Because it is believed that DCS is primarily caused by bubble formation from dissolved gas taken up into tissues during a dive, it is appropriate to examine process of gas uptake and elimination in some detail.
Most diving is performed using air as the respired gas. Dives to depths beyond the recreational diving range are performed using mixed gases that contain helium (see Chapter 62). The key point is that one or more inert gases are breathed in all but very shallow dives, where oxygen rebreathers may be used. For the general purpose of this discussion, the assumption is that the breathing gas is air and therefore that the relevant inert gas is nitrogen.
Underwater breathing apparatus supplies the diver with air at ambient pressure. Thus, the inspired (and alveolar) pressure of nitrogen (PN2) is directly proportional to depth. Exposure to an elevated alveolar pressure of nitrogen will result in its uptake into the arterial blood, as predicted by Henry’s Law, and its distribution to the tissues. Unlike highly soluble anaesthetic vapours, the equilibration of alveolar and arterial PN2 occurs very quickly, and this process can largely be ignored in consideration of inert gas kinetics. In contrast, the exchange of dissolved nitrogen between blood and tissues is influenced by several factors.
There are multiple ways in which blood-tissue gas exchange can be conceived, but the simplest and most common approach in decompression modelling is to consider a tissue to be a well-stirred perfusion-limited compartment (Figure 10.1).
Within such a model, the arterial-tissue PN2 difference declines mono-exponentially (Figure 10.2), at a rate determined substantially by tissue perfusion, but also by the blood-tissue partition coefficient for nitrogen. Tissues with luxurious perfusion will take up inert gas quickly, whereas poorly perfused tissues will take up gas slowly. Similarly, tissues in which nitrogen is less soluble than blood will equilibrate quickly, whereas tissues with high solubility for nitrogen will equilibrate slowly. Thus, for the purposes of conceptualizing nitrogen kinetics (and for decompression modelling), the body is often regarded as a set of parallel compartments with differing kinetic properties for nitrogen exchange (Figure 10.3).
A notional depiction of differing nitrogen kinetics for each of the five hypothetical tissues in Figure 10.3 is illustrated in Figure 10.4. It can be seen that by the end of the period at depth the inert gas tension in the ‘faster’ tissues has equilibrated with arterial blood, whereas tensions in the slower tissues have not. Those tissues in which equilibration occurs are said to be ‘saturated’ with inert gas for that depth. If sufficient time were spent at depth, then all tissues would eventually saturate, a principle used in so-called saturation diving in which divers live under pressure for extended periods in the knowledge that no further inert gas uptake can occur (unless they venture deeper), and after becoming ‘saturated’ there is no increment in their decompression obligation if they remain under pressure longer. In contrast, the pattern of tissue equilibration with inert gas at the end of the period at depth on a typical recreational dive will look more like that depicted in Figure 10.4. Some of the faster tissues may be saturated and the slower tissues will not be. It should be self-apparent that the deeper the dive, the higher the tissue nitrogen pressures will be when the tissue comes into equilibrium with the arterial tension. Similarly, the longer the diver remains at depth, the further toward saturation the various tissues will progress.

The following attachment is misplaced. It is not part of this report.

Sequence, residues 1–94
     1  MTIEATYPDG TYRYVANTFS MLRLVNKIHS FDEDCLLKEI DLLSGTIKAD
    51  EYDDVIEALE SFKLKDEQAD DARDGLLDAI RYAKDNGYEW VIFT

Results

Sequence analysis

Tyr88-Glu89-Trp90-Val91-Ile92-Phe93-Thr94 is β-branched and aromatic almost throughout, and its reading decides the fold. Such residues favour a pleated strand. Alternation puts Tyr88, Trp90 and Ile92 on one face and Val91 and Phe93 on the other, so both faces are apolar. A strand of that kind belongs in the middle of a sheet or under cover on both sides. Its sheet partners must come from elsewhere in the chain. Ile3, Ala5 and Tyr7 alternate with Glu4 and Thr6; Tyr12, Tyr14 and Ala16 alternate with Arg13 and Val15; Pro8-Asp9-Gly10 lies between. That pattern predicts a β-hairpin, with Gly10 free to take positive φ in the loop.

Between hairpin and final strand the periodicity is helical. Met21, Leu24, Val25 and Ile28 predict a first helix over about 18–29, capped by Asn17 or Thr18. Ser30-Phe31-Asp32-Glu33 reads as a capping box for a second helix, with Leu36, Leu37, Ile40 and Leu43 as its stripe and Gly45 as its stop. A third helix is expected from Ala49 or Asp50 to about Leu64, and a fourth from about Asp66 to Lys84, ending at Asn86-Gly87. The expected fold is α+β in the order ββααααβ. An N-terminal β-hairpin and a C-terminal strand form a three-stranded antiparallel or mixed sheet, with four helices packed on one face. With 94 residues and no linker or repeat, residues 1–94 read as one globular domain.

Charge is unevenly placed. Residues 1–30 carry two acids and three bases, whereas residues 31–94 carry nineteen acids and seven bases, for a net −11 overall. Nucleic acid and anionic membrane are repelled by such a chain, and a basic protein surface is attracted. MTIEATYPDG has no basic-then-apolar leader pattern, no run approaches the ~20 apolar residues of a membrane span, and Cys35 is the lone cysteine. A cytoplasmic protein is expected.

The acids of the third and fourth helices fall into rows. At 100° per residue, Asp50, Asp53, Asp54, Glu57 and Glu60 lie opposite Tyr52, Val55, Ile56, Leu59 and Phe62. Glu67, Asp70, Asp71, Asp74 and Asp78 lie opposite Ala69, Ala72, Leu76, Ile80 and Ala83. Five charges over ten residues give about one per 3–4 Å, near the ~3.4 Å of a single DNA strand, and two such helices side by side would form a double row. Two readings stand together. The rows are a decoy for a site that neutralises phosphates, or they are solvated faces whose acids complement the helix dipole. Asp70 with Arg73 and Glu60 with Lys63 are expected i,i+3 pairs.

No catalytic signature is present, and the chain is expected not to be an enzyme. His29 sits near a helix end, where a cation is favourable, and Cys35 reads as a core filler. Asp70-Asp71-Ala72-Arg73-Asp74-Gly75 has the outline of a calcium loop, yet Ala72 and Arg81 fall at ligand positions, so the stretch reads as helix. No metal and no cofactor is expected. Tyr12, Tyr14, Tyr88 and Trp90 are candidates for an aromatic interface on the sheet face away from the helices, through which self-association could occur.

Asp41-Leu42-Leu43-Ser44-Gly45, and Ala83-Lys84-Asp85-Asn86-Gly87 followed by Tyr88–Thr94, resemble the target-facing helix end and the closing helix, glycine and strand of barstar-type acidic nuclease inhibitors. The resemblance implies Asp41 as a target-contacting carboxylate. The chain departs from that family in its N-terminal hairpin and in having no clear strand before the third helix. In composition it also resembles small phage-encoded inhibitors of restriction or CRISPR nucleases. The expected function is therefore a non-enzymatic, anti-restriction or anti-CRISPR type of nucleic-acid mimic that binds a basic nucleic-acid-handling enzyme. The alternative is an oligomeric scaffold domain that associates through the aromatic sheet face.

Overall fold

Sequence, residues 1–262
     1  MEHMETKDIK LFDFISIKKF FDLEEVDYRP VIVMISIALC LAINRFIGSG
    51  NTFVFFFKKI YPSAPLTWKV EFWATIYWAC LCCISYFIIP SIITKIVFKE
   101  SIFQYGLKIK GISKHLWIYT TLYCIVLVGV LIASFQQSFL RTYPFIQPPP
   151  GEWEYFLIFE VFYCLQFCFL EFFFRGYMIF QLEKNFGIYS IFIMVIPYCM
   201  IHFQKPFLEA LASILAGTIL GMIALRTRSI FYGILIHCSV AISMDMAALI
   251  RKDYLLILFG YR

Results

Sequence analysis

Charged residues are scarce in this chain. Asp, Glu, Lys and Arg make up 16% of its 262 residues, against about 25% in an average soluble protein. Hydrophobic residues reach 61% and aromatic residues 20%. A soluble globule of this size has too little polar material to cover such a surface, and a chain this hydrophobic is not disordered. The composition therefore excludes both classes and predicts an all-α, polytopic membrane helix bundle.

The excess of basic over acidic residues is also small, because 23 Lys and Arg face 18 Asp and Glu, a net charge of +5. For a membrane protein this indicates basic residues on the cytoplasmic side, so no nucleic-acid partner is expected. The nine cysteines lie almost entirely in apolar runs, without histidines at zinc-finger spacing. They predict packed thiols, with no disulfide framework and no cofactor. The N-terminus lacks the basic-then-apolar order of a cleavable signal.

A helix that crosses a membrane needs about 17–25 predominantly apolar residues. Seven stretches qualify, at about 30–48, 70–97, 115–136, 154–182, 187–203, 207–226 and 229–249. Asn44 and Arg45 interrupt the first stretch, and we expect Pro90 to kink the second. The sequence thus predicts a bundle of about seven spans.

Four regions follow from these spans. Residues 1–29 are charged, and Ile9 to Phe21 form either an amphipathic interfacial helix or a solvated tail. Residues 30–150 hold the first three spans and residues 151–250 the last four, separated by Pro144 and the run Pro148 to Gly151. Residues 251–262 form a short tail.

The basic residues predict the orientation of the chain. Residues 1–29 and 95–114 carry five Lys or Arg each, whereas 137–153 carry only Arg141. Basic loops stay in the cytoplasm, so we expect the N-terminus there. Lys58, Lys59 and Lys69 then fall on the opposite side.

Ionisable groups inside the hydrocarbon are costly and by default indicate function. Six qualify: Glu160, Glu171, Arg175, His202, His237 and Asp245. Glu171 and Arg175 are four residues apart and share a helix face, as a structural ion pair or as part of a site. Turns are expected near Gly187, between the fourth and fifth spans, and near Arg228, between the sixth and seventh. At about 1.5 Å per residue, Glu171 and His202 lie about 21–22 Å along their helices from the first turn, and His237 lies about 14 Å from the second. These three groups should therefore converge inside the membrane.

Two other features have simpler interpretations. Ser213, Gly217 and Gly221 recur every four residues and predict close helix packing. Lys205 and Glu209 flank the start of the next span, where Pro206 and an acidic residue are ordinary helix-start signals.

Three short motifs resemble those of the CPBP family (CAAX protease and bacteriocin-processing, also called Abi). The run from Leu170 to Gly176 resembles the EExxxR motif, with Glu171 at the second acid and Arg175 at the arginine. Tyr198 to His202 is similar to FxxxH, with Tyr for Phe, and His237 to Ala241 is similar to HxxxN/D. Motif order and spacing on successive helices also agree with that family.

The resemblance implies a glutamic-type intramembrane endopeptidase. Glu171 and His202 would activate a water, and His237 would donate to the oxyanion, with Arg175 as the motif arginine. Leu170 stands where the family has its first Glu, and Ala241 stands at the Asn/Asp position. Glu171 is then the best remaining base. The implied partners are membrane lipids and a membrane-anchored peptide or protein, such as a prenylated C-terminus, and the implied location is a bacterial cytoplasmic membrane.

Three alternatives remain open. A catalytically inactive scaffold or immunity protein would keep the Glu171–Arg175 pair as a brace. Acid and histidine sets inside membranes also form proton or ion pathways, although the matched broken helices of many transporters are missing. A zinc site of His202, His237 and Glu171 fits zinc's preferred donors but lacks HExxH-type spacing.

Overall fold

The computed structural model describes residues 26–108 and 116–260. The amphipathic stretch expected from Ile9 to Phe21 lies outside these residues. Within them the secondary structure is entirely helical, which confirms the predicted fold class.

The principles discussed earlier in relation to nitrogen uptake remain relevant to nitrogen elimination during and after ascent from a dive. Ambient pressure decreases as the diver ascends. As ascent begins, the alveolar and arterial pressures of nitrogen will decline, and this will immediately create a diffusion gradient for nitrogen elimination from those tissues that equilibrated with arterial PN2 at the bottom. As the ascent proceeds, similar outward diffusion gradients will be established in increasing numbers of slower tissues that had absorbed less nitrogen during the bottom time. Because the kinetics of nitrogen elimination in these tissues is slower and the ascent is relatively fast, the tissues will tend to develop a state of ‘supersaturation’ in which the sum of dissolved gas pressures in the tissue exceeds the ambient pressure. This is depicted for a single tissue in Figure 10.5. Depending on the rate of ascent, the very fastest tissues may avoid this condition because they eliminate nitrogen extremely quickly, but tissues with slower kinetics are likely to become supersaturated at some point in the ascent.
Supersaturation of a tissue establishes a diffusion gradient for gas to pass from tissue to blood to alveolus, thus facilitating inert gas elimination. However, it is also the pivotal condition required for dissolved gas to separate into the gas phase, that is, to form bubbles.
These bubbles are generally accepted to be the pathological vectors in DCS, and the means by which they cause harm are discussed in detail in the following section. In general terms, a greater degree of supersaturation will drive more bubble formation with a correspondingly higher risk of developing DCS symptoms. Not surprisingly, most dive planning algorithms, used by divers to control their time/depth exposures and decompression procedures, invoke some means of calculating and controlling supersaturation during decompression as a core function. This is also discussed in more detail later.